DV1460 / DV1492:

Real-Time Operating Systems

08:15-10:00 Thursday, September 7th, 2017

Interprocess-communication (IPC).

§2.3 (pg 119-149)

Table of Contents
Race HazardsSemaphores
Critical RegionsMonitors

1. Introduction

  • Working in a multi-programming environment:
    • Problems are split up for processing by processes.
    • Processes need ways to collaborate with each other.
    • e.g. pipelines passing streams of text.
  • Note: throughout §2.3 treat the word "process" also as "thread".
  • When independent processes collaborate, three issues arise.
How to get the data from one process to another.
Avoid interferring actions happening simultaneously.
Preserving order
If an action depends on another they must occur in the correct order.

2. Example: Race Conditions in a spooler

Race Condition (Hazard)
Distinct outcomes, selected by the order events occur
  • Abstraction failure: details leak.
    • Hide internal details of other processes.
    • But combined order of steps changes result.
  • Print spooler is a simple queue.
    • Variables: next to print, next to queue.
    • Process adding a file uses non-atomic steps.
    • slot[in++] = name;
    • Operation is not atomic.
    • Read in, write slot, calculate, write in.
  • Both A and B try at the "same" time...

3. What goes wrong?

  • A process can be interrupted at any time.
  • Processes have their instructions interleaved.
  • Not all interleavings work correctly.
    • Initially in=7 read by both A & B.
    • Both write into the same slot.
    • One value destroys the other.
    • Afterwards the damage is invisible.
    • in is the next free slot.
Murphy's law
If it can go wrong, sooner or later, it will.
Randomised system
Pick from all the possible choices.

4. Critical Regions

  • Arbitrary interleaving of operations between processes causes problems.
Atomic operation
All steps in the operation are executed together - cannot be split apart
  • First approach is very coarse and simple: Critical Region.
  • Program has one atomic part, and the rest is scheduled normally.
  • Any scheme for critical regions must meet the following properties.
1. Max one process in critical region.
2. Must work on any hardware / number CPUs.
3. No process outside region may block another.
4. Every process gets in eventually. (fairness)

5. Exclusion: Disabling Interrupts

  • Pre-emptive multitasking relies on timing interrupts.
    • If the interrupt is disabled then there are no context switches.
  • Scheme: disable interrupts during critical region.
  • Without context switches every other process is "blocked".
If the process does not re-enable interrupts the entire OS fails.
Timing interrupts are per-processor; only works on a single core machine.
Problem (if all processors' interrupts disabled)
Performance is terrible, only \(\frac{1}{n}\) processors running during critical region.

6. Exclusion: Locks

  • Idea: a "lock" with only one key [pg123].
  • Code illustrates how we want this to work.
  • Problem: race hazard between testing and setting variable, must be atomic.
while(lock==0) /* loop */; lock = 1; ... critical region ... lock = 0;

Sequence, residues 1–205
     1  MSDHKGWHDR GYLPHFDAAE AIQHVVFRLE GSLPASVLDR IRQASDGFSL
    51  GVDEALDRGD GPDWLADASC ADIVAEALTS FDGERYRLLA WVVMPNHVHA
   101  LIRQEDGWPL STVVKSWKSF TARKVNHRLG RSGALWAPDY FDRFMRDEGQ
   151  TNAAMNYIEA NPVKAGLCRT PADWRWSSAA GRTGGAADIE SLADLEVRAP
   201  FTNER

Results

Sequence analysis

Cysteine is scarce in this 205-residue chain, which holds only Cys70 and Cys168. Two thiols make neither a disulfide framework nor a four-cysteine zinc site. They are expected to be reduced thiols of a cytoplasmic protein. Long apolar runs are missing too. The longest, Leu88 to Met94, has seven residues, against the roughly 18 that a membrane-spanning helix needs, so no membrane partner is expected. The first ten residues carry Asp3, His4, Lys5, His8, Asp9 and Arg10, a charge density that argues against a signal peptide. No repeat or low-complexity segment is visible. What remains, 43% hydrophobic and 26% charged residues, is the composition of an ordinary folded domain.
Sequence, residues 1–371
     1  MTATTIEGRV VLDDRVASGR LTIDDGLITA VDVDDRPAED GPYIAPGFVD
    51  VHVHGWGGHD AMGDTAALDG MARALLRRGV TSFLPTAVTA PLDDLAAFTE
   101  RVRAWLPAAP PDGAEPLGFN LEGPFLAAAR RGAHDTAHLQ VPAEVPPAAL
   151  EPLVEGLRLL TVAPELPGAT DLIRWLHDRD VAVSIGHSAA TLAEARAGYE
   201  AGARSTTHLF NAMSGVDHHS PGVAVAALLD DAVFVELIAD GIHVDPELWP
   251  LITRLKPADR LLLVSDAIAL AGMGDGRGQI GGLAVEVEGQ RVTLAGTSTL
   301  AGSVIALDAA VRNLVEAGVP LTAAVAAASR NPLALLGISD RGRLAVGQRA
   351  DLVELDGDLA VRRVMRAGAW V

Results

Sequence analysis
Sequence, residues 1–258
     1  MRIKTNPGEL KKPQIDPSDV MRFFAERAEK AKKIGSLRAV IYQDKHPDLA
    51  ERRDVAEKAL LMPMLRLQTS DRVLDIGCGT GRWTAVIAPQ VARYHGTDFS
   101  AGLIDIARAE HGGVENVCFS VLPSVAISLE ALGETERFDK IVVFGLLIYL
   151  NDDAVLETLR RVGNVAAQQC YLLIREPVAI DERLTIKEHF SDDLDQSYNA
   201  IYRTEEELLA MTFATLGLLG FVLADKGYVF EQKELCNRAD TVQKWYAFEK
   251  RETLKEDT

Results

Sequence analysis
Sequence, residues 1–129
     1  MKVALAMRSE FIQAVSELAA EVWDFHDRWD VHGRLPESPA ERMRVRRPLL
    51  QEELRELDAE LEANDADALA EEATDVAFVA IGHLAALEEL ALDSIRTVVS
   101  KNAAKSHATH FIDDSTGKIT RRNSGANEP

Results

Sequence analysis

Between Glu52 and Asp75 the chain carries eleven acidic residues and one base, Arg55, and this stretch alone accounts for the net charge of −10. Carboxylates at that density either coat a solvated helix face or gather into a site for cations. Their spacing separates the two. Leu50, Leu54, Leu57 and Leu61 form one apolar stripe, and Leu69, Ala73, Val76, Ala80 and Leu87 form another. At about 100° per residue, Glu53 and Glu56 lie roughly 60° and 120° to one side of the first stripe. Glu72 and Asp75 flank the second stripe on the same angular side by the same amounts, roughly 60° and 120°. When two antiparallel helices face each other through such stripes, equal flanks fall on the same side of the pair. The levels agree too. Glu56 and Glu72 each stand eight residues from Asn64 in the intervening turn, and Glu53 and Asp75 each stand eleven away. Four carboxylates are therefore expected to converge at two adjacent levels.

// Process A: ME=0 OTHER=1 // Process B: ME=1 OTHER=0 while(turn!=ME) /* loop */; ... critical region ... turn = OTHER; ... non-critical ...
  • Strict Alternation: [Fig 2-23], two processes take turns.
  • While loops is exited after other process sets value.
  • No set after the test, avoids the race hazard.
  • Problem: busy-waiting (uses all available CPU).
  • Violates condition 3 - forced alternation is blocking other process.

7. Exclusion: Peterson's Solution

Solution of a problem in concurrent programming control.
E. W. Dijkstra
  • First solution for any number of processes is credited to Dijkstra.
    • Generalises a 2-process technique invented by Dekker.
    • Dijkstra generalised it to arbitrary number of processes, proved correctness.
  • Simpler approach invented by Peterson [Fig 2-24].
  • Array of flags to show that process is interested in entering.
  • The turn variable is who gets to try next.
proc enter0 = 0r: interested[0] = True 0t: turn = 0 0e: while(turn==0 && interested[1]==True)
proc enter1 = 1r: interested[1] = True 1t: turn = 1 1e: while(turn==1 && interested[0]==True)

8. Exclusion: Explanation of Peterson's Algorithm

  • Pg 125 provides a description of how Peterson's algorithm works.
    • Waiting:while(turn==process && interested[other]==TRUE);
    • Inverse:turn!=process || interested[other]==FALSE
  • This process can continue if turn has changed.
    • If the other process started enter(), this interested flag was already set.
    • Because the other is blocked, this process can enter.
  • This process can continue if the other process's interested flag is clear.
    • The other process has not yet started enter().
  • If the turn flag has flipped since this process set it.
    • The other process must have set its interested flag already.
    • Block until it clears.

9. Exclusion: Proof of Peterson's Algorithm

  • Red states: turn value, two interested flags.
  • Black transitions use labels from slide 7.
  • Multiple states mean we are unsure which state the system is in.
    • e.g. No initialisation of turn.
  • Edges with a line mean the process is blocked in its busy wait.
    • Can see this by considering the states.
  • Repetition of sub-trees: path to each state encodes the PC of the two processes.
  • Cannot get stuck: at least one transition out of every state.
  • Nowhere are both sections entered.

10. Exclusion: Test and Set

  • Put it in hardware: atomic instructions.
    • Read/write in single instruction.